A look at how the current top 30 prospects did today. If a player is in the majors and loses his prospect eligibility, he will be removed. Everyone below him will be shifted up a spot, and a new player will be added to the bottom of the list. If a player is out for the season, he will be removed and everyone below him will move up a spot. Removing these guys doesn’t mean they have lost prospect status. It is just an attempt to get 30 active prospects on the list. Rankings are from the 2016 mid-season update, and links on each name go to their Pirates Prospects player pages.
We’re working on a solution for the PHP stat codes not working in the app.
1. Tyler Glasnow, RHP, Pirates -[insert_php]
2. Austin Meadows, CF, Indianapolis – [insert_php]
3. Josh Bell, 1B, Indianapolis – [insert_php]
4. Kevin Newman, SS, Altoona – [insert_php]
5. Mitch Keller, RHP, West Virginia -[insert_php]
6. Nick Kingham, RHP, GCL Pirates – [insert_php]
7.Cole Tucker, SS, Bradenton – [insert_php]
8. Chad Kuhl, RHP, Pirates – [insert_php]
9. Will Craig, 3B, Morgantown – [insert_php]
10. Steven Brault, LHP, Indianapolis – [insert_php]
11. Ke’Bryan Hayes, 3B, West Virginia -[insert_php]
12. Elias Diaz, C, Indianapolis – [insert_php]
13. Clay Holmes, RHP, Altoona – [insert_php]
14. Yeudy Garcia, RHP, Bradenton -[insert_php]
15. Gage Hinsz, RHP, West Virginia – [insert_php]
16. Trevor Williams, RHP, Indianapolis – [insert_php]
17. Alen Hanson, 2B, Indianapolis – [insert_php]
18. Tito Polo, OF, Bradenton – [insert_php]
19. Stephen Tarpley, LHP, Bradenton – [insert_php]
20. Brandon Waddell, LHP, Altoona – [insert_php]
21. Tyler Eppler, RHP, Altoona -[insert_php]
22. Max Moroff, 2B, Indianapolis -[insert_php]
23. Taylor Hearn, LHP, West Virginia – [insert_php]
24. Adrian Valerio, SS – Bristol – [insert_php]
25. Braeden Ogle, LHP, GCL Pirates – [insert_php]
26. Kevin Kramer, 2B, Bradenton -[insert_php]
27. Travis MacGregor, RHP, GCL Pirates – [insert_php]
28. Max Kranick, RHP, GCL Pirates – [insert_php]
29. Frank Duncan, RHP, Indianapolis – [insert_php]
30. Dovydas Neverauskas, RHP, Indianapolis – [insert_php]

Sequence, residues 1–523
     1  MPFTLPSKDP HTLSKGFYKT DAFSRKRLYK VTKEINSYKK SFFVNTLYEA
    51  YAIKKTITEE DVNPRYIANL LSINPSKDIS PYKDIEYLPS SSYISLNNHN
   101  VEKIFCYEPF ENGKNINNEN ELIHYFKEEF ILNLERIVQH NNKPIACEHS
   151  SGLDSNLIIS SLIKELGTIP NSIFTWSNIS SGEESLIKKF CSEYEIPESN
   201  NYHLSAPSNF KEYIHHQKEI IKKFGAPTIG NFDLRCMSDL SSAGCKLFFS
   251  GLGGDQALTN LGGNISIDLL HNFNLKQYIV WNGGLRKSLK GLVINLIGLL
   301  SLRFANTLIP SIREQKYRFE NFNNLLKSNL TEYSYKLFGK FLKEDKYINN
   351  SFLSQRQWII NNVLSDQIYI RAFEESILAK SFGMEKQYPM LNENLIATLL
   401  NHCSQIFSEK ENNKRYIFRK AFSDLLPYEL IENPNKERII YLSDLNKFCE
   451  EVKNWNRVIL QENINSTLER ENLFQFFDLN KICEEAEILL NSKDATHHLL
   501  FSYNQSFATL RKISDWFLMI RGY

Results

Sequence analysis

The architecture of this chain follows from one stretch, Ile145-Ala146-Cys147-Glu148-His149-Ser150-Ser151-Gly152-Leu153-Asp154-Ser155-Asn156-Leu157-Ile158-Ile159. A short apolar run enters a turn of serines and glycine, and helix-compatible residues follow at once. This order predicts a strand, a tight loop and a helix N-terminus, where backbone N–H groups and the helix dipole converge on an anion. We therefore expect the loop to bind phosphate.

INDIANAPOLIS — Alen Hanson is a player the organization wants hitting line drives and keeping balls on the ground so he can use his speed to his advantage.
But there can be exceptions made to that rule and Monday’s game against Louisville provided one. Hanson hit a walk-off grand slam in the ninth inning, giving the Indians a 5-2 win.
Hanson hit the first pitch of his at-bat to the opposite field for the grand slam off Louisville reliever Kevin Shackelford. He was, at bare minimum, looking to drive a ball to the outfield to bring home the game-tying run.
“I thought he attacked the first pitch and got something he could handle,” Indianapolis manager Dean Treanor said, noting Hanson’s approach to get the tying run home. “When you do that and have the right approach, good things happen sometimes. Yeah, we try to get him to hit line drives and keep it on the ground, but in that situation, he probably won’t be scolded on that one.”
Hanson went 3-for-5 and led two innings off with hits, including a leadoff double in the first inning. The Indians scored all five of its runs in the ninth inning, rallying from a deficit after eight innings for just the second time in 49 opportunities this season. Dan Gamache had an RBI pinch-hit single in the ninth inning for the Indians’ first run of the game.
Before the Indians’ ninth-inning rally, it appeared their offense was going to have another inefficient game. But that’s nothing out of the norm for when Trevor Williams starts as Indianapolis has scored two runs or less in six of the last 10 games Williams has started.
In terms of evaluating prospects, the win-loss record of a starting pitcher is pretty inconsequential. But there may be some benefit to not getting much run support, as Williams isn’t getting the luxury of pitching stress-free innings with a large lead.
“That’s a good way to look at it — he has to do everything he can to keep us in the game to give us a chance and give himself a chance,” Treanor said. “And it seems like in those games every pitch he makes is a big pitch because of that. To raise the level he has to go at, that’s a good thing.”
Williams didn’t think he had his “best stuff” in the five innings he pitched, allowing two runs on seven hits. He struck out four and walked one batter, throwing 58 of his 87 pitches for a strike.
“He had a little trouble putting guys away so his pitch count got up there,” Treanor said. “I think he got hurt by some soft hits.”
Williams retired the side in order in the first inning, but allowed a run in the second and third innings. He gave up four hits in those two innings — but only one was hit sharply.